Initiation via image rights

Last week, emotions were running high at Vindicat after the UK published photos of recent hazing rituals, which invariably led to the usual criticisms. Shocking, degrading, simply not done anymore.

Let me disabuse you of any romantic notions about this journalistic work: the UK did not sneak into the Vindicat and Albertus buildings to secretly take ‘shocking pictures’ of hazing rituals (we wish). The contested photos are – simply – from the 2015 and 2016 almanacs. That means they are pictures from the hazing that took place in 2014 and 2015.

It’s a lot less exciting than it may have seemed. But that’s really the crux of what happened next.

Golf club to the throat

The almanacs are public. You can find them in the UB, and even at the sandwich shop across from the UK newsroom. Anyone craving a minced meat sandwich with onions can enjoy the image of hundreds of students kneeling on the ground in supplication under the watchful eye of a woman in fishnet tights, or pressed against the wall with a golf club on their throats.

The UK editors wondered: is that really necessary, even now? We showed the pictures to, among others, the Personnel faction (eliciting the reaction above) and published them along with the story on It was a journalistically sound choice.

Vindicat did not agree. According to their board, no one is allowed to disseminate or publish these photos without permission from the copyright owner. And it went without saying that the UK would never ever get that permission. In other words, we had violated their image rights. There were threats of lawyers and damages claims.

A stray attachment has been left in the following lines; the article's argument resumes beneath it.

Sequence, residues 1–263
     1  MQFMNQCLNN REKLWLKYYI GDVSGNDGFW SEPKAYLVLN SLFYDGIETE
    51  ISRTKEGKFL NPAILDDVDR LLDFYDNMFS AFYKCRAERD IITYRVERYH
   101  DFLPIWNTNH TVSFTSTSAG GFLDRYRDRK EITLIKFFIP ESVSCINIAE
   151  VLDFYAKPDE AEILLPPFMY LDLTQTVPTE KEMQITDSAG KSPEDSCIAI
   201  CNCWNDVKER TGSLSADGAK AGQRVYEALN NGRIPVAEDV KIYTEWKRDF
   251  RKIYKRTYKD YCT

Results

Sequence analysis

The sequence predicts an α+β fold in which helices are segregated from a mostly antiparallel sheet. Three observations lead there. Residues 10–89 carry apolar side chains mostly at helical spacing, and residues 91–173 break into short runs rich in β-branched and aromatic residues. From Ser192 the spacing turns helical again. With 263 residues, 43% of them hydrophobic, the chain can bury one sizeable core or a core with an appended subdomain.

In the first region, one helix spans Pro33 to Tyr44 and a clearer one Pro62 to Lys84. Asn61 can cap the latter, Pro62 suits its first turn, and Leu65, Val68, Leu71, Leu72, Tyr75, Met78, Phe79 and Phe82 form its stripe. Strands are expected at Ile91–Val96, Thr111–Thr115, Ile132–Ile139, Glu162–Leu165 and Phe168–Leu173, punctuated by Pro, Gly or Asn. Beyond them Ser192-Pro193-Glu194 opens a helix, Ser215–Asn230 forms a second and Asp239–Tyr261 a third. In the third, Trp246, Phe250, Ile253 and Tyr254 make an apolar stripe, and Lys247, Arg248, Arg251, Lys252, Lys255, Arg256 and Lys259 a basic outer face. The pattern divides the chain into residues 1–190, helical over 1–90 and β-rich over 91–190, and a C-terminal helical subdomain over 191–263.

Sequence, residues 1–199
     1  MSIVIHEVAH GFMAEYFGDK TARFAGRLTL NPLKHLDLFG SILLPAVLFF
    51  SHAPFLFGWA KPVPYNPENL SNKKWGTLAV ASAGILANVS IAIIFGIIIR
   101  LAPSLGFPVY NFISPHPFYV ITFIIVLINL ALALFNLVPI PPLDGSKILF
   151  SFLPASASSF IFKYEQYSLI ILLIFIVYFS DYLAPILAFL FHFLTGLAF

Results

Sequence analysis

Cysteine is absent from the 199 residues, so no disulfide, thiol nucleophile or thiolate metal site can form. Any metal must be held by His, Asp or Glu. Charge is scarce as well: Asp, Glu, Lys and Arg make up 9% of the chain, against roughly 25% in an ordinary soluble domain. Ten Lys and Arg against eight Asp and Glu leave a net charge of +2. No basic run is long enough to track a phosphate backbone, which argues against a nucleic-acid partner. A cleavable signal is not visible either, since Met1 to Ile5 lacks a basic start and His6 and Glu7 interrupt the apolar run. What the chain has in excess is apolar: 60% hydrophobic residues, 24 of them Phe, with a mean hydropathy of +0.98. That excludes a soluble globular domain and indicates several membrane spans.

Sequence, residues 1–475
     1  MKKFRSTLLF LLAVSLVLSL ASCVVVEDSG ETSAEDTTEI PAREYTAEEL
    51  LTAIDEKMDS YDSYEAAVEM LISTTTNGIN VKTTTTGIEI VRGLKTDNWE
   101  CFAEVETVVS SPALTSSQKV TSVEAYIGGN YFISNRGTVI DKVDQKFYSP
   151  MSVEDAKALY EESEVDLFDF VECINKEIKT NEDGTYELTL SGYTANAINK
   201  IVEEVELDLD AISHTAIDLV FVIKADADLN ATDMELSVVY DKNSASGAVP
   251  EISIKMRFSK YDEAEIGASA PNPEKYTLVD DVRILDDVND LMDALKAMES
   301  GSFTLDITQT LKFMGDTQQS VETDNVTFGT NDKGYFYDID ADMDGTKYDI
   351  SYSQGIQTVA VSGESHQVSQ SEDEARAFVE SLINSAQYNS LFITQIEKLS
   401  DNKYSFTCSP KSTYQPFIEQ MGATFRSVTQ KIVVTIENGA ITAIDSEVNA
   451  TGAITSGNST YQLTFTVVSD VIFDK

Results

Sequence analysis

Functional relationship

It’s true that even pictures that have been previously published cannot normally be used again for no good reason. There are legal rules (image rights), and this is generally a good thing. But there are situations in which it is allowed. In that case, we’re not talking about image rights, but a visual quote. The UK felt that that in this case, we were dealing with the latter.

But we wanted to make sure. After all, precision is key. So while awaiting legal advice, we temporarily removed the pictures from our website. The legal advice confirmed our point of view. In short, it is as follows: the pictures are not intended as decoration (because that would fall under image rights), but there is a clear and functional relationship between the written word and the image that is being (re)used.

Also known as: a visual quote. With that in mind, we put the pictures back online.

Cup of coffee

And as far as Vindicat and the UK were concerned: we did get into it a bit. Conflicts happen, and they’re okay, as long as they don’t smoulder or turn into trench warfare.

And it won’t in this case. In spite of our disagreement, we’ve extended mutual invitations for a cup of coffee and a chat.

That’s how it’s done.

Rob Siebelink, interim editor-in-chief




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